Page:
Let’s be humorous about this. Mike Dean put in a Man of the Match performance in the game between Tottenham and Chelsea. We went away talking about Fernando Torres, Jan Vertonghen, a little of the friendship, or lack therefore, between Jose Mourinho and Andre Villas-Boas, but referee Mike Dean stole the show.
Now let’s be serious. This isn’t the first time that many would have been discussing Dean’s performance, and not in the way you normally debate a decision made by a referee. It gets a little bit sickening when those on the front line try to defend and even justify the performances of referees – and it’s made even more infuriating by the protection offered to match officials. No interviews whatsoever is far more damning than may be intended.
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But what can we take from this? It’s yet another trigger-happy performance by a referee who couldn’t wait to make a decisive decision in a big game. Anyone could have seen that Torres didn’t actually touch Vertonghen, but rather the sending off was the culmination of previous altercations and was viewed by the official as the opportune moment to leave his mark on a game.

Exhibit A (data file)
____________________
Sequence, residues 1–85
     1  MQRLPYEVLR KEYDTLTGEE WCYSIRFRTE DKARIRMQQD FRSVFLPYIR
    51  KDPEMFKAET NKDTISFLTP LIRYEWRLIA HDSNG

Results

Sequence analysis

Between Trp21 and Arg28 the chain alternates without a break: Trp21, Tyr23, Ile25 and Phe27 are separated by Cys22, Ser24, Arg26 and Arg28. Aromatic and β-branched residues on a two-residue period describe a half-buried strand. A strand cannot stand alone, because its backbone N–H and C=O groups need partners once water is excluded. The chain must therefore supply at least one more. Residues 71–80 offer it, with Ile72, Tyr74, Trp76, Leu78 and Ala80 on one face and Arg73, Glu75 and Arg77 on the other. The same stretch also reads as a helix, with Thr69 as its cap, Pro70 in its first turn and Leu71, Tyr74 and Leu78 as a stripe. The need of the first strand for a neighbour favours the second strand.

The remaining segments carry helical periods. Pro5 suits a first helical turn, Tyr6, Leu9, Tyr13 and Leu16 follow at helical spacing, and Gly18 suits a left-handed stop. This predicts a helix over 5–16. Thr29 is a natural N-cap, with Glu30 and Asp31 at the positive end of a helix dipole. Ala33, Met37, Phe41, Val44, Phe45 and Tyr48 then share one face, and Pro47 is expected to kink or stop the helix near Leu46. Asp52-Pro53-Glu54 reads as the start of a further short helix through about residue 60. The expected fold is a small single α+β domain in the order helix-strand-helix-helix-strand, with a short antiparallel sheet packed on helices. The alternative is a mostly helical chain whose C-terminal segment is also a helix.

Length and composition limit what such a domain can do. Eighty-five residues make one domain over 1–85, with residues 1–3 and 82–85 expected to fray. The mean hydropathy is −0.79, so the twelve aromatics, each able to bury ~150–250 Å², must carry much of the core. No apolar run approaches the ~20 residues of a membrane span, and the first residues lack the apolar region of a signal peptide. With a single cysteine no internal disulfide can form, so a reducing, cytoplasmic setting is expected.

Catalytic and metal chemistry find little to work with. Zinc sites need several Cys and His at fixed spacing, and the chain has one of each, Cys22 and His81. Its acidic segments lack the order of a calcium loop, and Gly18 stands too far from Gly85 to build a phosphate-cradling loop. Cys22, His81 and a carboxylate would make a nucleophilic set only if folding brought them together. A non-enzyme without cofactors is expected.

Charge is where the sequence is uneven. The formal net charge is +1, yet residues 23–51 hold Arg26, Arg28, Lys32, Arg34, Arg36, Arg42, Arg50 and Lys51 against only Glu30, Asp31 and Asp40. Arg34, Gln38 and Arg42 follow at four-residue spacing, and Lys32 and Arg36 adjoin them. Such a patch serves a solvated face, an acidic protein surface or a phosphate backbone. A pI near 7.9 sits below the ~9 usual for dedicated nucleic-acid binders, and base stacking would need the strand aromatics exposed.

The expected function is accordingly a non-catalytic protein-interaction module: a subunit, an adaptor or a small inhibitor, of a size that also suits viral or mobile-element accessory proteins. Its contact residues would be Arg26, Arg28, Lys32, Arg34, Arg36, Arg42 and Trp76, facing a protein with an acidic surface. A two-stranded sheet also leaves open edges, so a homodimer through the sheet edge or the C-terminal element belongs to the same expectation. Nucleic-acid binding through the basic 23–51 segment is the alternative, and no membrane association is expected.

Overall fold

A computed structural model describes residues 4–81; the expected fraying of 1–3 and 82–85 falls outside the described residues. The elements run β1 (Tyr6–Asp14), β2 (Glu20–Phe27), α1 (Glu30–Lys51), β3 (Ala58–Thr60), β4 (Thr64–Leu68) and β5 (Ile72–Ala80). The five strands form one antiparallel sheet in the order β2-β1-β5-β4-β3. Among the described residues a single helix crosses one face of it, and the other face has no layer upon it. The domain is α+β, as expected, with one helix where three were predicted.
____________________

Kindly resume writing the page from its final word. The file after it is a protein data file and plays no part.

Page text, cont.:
Some have said that Mike Dean managed the whole game well, but again that just smacks of justification for bias match officiating and an outcome that isn’t always in the hands of players or managers.
Torres may have been walking that fine line and could have eventually got himself sent off. Or he could have just kept poking and dancing dangerously around the fire without actually burning himself. Is that against the laws of the game?
But Dean is a figure who has previous. His actions towards Arsene Wenger at Old Trafford were despicable at best. What if that had been Alex Ferguson? Not a chance; Dean would have been hounded out of the Premier League for good. The striking image of that game of course is Wenger being sent to the non-existent stands at Old Trafford, and for what? Kicking a water bottle?
Andy Dunn has been one of the writers to defend Dean and refs in general. Yes, referees do get a lot of stick after games, but not because everyone is bored and in desperate search of an easy target. It’s largely because the majority are incompetent. And if they manage to stray away from the boundaries of incompetence, they fail to mask their unquestionable bias. It’s fortunate that corruption is so alien to the modern game in England.
Is Mike Dean capable of not making it all about him?
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